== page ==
So here's a thing. If you look at how my heart rate changes through the day you can see that it spikes up quite quickly, but also that it can drop quickly. For this reason, it may not matter what precise number I use as my upper HR limit, because in truth my heart rate changes so quickly that it would shoot past all those exact numbers anyway.  More important, in my view, is to attempt to control were heart rate settles for any length of time, and to try to keep that low.  I also watch where my average HR for each day falls.

Knowing when to pull back:
Tonight it is New Year's Eve.  I had an invitation to go out, but I'm not going.  I know that were I to be out in company tonight my HR would spike easily, and that it would not drop as quickly as usual either. The decision to stay in was not just based on today's higher than usual HR data, but also on the fact that yesterday was a busier than normal day - meaning today is a day to be ultra cautious no matter how I actually "feel".

"Dangerously Okay!"
This phrase was used by a good friend of mine recently to describe what happens when adrenalin masks our symptoms and tricks us into believing we are more "well" than we really are.  I find that this can sometimes happen to me in the 36 hours after a fun event. In fact, during this day-after period my HR may actually be deceptively low - so even HR is not always an accurate measure of well-being.  For this reason, I always try to ensure I have a full two days quiet time after any slightly more active day. To be sure, to be sure! ;)

On Balance:
Heart rate monitoring is an incredibly useful way of monitoring activities in the moment,and regulating them to cause minimum damage.  However, I think using HR data for pacing is slightly more of an art, than an absolute science. If I were to stick strictly to keeping my HR below 101bpm at all times, I would never leave my bed.  However I know I can spend some short periods each day with my HR above this number and still avoid post exertional effects.  Thus I think the numbers need to be read within the context of each individual's own experience.

Looking forwards:
I admit I'm fascinated by numbers, so over the past year (& more) I've been collating much of my daily data into a large Excel spreadsheet.  Using that data I've created some pretty graphs whilst looking for patterns in the data.... So - Next Year - I hope to share some of those graphs and my musings about what they might mean.

Let's hope 2016 is a big year for medical breakthroughs for ME....  

Happy New Year! 


Further Information:
1)Wikipedia on HRmax
2) Workwell paper describing use of 2 Day CPET test for ME (CFS)
3) NICE Guideline for ME:  [CG53]
4) Endomondo (I pay a small monthly premium for the version I use).

Other HR posts on Just ME:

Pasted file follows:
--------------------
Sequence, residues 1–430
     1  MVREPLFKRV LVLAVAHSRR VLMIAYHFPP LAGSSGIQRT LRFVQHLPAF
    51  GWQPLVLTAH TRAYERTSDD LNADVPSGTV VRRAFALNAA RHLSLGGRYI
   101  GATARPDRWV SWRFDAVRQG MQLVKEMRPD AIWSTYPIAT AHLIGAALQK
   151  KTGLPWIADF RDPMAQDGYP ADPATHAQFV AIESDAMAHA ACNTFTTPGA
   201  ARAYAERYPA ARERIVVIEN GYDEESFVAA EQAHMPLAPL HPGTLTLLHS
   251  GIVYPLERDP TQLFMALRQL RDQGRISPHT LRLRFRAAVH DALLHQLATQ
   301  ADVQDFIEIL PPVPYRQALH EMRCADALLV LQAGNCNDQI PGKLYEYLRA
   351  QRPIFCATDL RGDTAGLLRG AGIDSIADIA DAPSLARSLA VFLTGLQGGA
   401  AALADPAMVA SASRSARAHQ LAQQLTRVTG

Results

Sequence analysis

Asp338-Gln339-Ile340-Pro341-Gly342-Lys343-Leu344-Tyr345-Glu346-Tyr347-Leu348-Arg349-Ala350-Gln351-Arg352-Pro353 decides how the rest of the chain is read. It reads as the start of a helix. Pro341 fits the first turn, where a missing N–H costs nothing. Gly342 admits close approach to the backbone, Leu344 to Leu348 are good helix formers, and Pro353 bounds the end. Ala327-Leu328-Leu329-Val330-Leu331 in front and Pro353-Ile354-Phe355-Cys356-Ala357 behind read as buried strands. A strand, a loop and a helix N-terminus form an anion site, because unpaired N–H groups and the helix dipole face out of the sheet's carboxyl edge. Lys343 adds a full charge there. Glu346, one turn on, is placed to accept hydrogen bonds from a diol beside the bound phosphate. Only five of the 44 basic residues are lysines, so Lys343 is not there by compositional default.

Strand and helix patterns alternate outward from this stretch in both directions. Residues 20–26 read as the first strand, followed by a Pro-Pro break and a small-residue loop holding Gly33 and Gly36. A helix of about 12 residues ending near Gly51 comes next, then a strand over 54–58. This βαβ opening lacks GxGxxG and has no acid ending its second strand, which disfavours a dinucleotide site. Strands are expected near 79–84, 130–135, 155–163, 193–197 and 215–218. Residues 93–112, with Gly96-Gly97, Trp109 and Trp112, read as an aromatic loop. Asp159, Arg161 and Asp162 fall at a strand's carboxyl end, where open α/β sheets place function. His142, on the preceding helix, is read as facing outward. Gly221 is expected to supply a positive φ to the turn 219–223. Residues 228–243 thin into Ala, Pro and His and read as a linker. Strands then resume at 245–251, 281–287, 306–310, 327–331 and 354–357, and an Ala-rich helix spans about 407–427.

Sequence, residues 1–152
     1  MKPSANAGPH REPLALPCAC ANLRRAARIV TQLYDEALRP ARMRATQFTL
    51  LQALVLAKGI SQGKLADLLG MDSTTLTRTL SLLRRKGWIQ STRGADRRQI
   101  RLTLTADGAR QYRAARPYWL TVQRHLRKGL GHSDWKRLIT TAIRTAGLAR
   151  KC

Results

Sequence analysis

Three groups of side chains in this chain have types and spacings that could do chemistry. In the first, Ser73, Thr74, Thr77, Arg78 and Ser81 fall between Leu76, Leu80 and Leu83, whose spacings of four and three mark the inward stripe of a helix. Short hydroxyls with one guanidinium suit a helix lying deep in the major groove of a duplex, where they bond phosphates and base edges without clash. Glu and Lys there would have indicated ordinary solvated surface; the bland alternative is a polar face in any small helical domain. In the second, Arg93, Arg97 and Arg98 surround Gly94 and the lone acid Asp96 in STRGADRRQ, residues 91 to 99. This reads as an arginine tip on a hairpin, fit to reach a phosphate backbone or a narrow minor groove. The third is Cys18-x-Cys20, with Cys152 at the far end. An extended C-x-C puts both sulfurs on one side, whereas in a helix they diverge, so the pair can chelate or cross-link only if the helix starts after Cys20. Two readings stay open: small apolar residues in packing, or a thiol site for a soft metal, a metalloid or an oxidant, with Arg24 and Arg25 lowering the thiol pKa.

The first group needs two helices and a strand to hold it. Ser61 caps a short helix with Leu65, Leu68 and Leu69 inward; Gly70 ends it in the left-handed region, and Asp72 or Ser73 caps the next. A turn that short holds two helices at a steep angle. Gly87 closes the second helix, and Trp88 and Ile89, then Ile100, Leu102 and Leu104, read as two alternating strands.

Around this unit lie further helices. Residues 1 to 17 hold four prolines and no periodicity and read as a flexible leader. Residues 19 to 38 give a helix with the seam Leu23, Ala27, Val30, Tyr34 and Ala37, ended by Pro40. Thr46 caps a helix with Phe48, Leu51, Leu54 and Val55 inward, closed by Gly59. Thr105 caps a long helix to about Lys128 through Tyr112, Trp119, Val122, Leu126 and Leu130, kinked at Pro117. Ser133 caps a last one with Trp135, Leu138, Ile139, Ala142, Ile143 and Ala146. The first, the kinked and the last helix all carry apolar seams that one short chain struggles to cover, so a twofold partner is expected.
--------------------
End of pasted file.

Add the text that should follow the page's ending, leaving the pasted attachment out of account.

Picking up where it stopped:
Starting Heart Rate Monitoring for ME Dec 2015
Heart Rate Monitoring & NICE Guideline for ME Nov 2015
Rhythm+ and Endomondo: HR monitoring for ME Aug 2014
A few notes on using a HR Monitor for Pacing Feb 2014

Friday, 4 December 2015

Starting Heart Rate Monitoring for ME

 Recent developments in wearable technology for the fitness industry mean that ME patients, like me, can now easily monitor heart rate throughout the day.

Doing so is no magic cure.  However I think heart rate (HR) monitoring really helps me to recognize when I am in danger of doing more than my body can manage.

As Prof VanNess explained when he spoke in N.Ireland, the aerobic respiration pathways are broken in ME patients. So the general aim for us is to avoid all aerobic exercise. He suggested keeping HR below 110 beats per minute (bpm) as a useful starting point.

Put simply, “aerobic exercise” is any activity that raises breathing rate, and causes the heart to beat faster.  It is also the type of exercise that is recommended for the general population in order to optimize their health!

However as many people with ME know even small exertions can take a disproportionate toll on our body systems.  “Exercise”, in the conventional sense, is unhelpful at best and potentially harmful at worst.

So what can we do? On the one hand we want to keep as fit and well as we can, and on the other we want to prevent further harm caused by over-exertion.

Prof VanNess suggested that using a HR monitor would enable us to recognise when an activity was becoming a problem.  He suggested stopping mid-activity if necessary, and only continuing once HR had come back down again.

In practice this is much more difficult than it sounds!

Some monitors, like my Mio Alpha, have an alarm feature that alerts the wearer when HR goes up.  I found this helpful to learn how my body feels when HR is high, but I disliked the intrusion so intensely, that I now rarely turn the alarm on. I prefer to keep an eye on my HR by simply glancing at the read out.

At it’s simplest HR monitoring means watching for the activities that overly raise HR and then either working out how to modify the activity, or taking a decision to avoid it.  There are many little changes that can be made to activities to help keep HR low and experimenting, whilst wearing a monitor, can help you to find these tweaks.